that is,

ψ(r, t) = ca(t)ua(r) + cb(t)ub(r)(4.13a) or equivalently by the state vector

|ψ(t)) = ca(t)|a) + cb(t)|b) .(4.13b) The corresponding density operator is defined as the projector ρ = |ψ)(ψ|

onto this state, and the density matrix elements ρij = (j|ρ|i) are given by

the bilinear products

(a)ρaa = cac∗ , probability of being in upper level;

(b)ρab = cac∗ , dimensionless complex dipole moment1;

ρba = cbc∗ = ρ∗ ,

aab

(b)ρbb = cbc∗ , probability of being in lower level.

In matrix notation, the density operator ρ is therefore

(98) (4 Mixtures and the Density Operator)

(a)ρ = . cac∗

(a)cbc∗

cac∗ . =

(b) (b)cbc∗

. ρaaρab .

ρbaρbb

.(4.14)

This density matrix is precisely the outer product

. ca .

(a) (b) (c)ρ =

b

(c∗

c∗) .

In terms of the 2 × 2 density matrix of (4.14), the expectation value (3.24) of an operator O is given by

(O) = ρaaOaa + ρabOba + ρbaOab + ρbbObb .(4.15)

In particular the dipole moment is given in the ua, ub basis by

(er) = ℘ρab + c.c..(4.16) Equation (4.15) and, more generally, (3.24) is just the trace of the matrix

product ρO :

(O) = . . ρnmOmn = .(ρO)nn = tr(ρO) .(4.17)

nmn

1 Provided an electric-dipole transition is allowed between the a and b levels.

4.2 The Density Matrix 99

We show at the end of this section that this result holds in all generality.

We can derive the equations of motion for the elements of the density ma- trix from the Schro¨dinger equations of motion for the probability amplitudes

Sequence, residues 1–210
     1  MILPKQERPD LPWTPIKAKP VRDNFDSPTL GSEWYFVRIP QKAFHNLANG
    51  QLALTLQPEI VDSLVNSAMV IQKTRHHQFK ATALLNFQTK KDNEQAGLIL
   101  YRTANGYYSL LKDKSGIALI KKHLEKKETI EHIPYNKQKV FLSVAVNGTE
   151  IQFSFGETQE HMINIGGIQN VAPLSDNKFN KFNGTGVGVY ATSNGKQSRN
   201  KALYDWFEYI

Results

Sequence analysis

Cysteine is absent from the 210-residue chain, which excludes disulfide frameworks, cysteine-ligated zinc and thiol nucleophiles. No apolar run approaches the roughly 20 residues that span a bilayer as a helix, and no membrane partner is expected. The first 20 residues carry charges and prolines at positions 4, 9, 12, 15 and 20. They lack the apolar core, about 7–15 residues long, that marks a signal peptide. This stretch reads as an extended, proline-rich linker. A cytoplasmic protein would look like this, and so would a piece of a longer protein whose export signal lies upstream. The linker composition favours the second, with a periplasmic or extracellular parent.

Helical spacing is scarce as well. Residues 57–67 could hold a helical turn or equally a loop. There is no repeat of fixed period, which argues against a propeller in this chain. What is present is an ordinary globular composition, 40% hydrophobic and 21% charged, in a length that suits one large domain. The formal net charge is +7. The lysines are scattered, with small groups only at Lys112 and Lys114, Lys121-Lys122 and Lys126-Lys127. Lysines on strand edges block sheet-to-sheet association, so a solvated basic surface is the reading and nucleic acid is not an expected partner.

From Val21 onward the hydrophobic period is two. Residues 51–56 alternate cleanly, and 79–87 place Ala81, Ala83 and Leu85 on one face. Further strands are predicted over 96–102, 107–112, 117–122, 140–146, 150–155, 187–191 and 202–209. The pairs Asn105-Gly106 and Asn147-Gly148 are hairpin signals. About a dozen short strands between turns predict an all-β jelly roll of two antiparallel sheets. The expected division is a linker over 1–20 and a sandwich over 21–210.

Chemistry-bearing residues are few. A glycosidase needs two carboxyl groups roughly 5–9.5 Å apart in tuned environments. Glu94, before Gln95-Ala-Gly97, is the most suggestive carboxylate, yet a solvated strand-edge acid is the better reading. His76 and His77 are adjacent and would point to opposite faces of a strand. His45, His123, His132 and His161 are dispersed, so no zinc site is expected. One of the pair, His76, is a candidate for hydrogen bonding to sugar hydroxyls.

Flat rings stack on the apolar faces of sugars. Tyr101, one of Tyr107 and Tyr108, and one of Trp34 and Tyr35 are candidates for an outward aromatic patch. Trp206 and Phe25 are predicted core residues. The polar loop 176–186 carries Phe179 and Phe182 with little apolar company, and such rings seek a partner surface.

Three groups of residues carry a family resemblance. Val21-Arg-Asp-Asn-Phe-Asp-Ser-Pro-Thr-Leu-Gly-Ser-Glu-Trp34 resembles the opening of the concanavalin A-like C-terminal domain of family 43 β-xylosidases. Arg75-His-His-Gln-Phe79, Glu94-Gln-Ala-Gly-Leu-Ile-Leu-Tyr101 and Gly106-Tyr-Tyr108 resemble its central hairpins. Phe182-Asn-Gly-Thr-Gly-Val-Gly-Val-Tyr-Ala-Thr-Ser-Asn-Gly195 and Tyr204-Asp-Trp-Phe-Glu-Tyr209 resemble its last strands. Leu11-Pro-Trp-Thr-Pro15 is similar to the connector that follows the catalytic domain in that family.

ca(t) and cb(t) of (4.13). From (3.23) including phenomenological decays, we

have

c˙a = −(iωa + γa/2)ca − ik−1Vabcb ,(4.18)

c˙b = −(iωb + γb/2)cb − ik−1Vbaca ,(4.19) where Vab = (a|V|b). Proceeding one element at a time, we have

ρ˙aa = c˙ac∗ + cac˙∗

aa

(a)= (−iωaca − γaca/2 − ik−1Vabcb)c∗

+ca(iωac∗ − γac∗ /2 + ik−1Vbac∗)

aab

= −γaρaa − [ik−1Vabρba + c.c.] .(4.20)

It is not surprising to find the complex conjugate in this equation, for prob- abilities are real. Similarly, we find

ρ˙bb = −γbρbb + [ik−1Vabρba + c.c.] .(4.21) Apart from the decay terms, this value is equal in magnitude and opposite in

sign from that in (4.20). This expresses the fact that probability is transferred between the a and b levels by the interaction energy Vab. The off-diagonal element ρab obeys the equation of motion

ρ˙ab = c˙ac∗ + cac˙∗

bb

(b)= (−iωaca − γaca/2 − ik−1Vabcb)c∗

+ca(iωbc∗ − γbc∗/2 + ik−1Vbac∗ )

bba

= −(iω + γab)ρab + ik−1Vab(ρaa − ρbb) .(4.22)

The example treated so far can be described equally well by an unnormal- ized state vector or by a density operator. However, the unnormalized state vector description becomes usually inadequate as soon as we consider more complex situations such as those encountered in the description of many- system phenomena. The phenomenological damping factors in (4.1, 4.2) ac- tually result from the interaction of an atom with the many modes of the elec- tromagnetic field. To treat more complicated cases, e.g., a decay of the dipole

term ρab independent of the decay of the level probabilities pii the wave func-

tion becomes by itself very cumbersome to use, or even incorrect. Such dipole

decay results from an incoherent superposition of simple pure-case density matrices and can be cast in terms of system-reservoir coupling, a general approach followed in Chap. 15. That chapter will show that in general, it becomes necessary in such situations to abandon the idea of describing the system via a state vector. One needs to introduce instead a density opera- tor whose evolution is irreversible and governed by nonhermitian dynamics.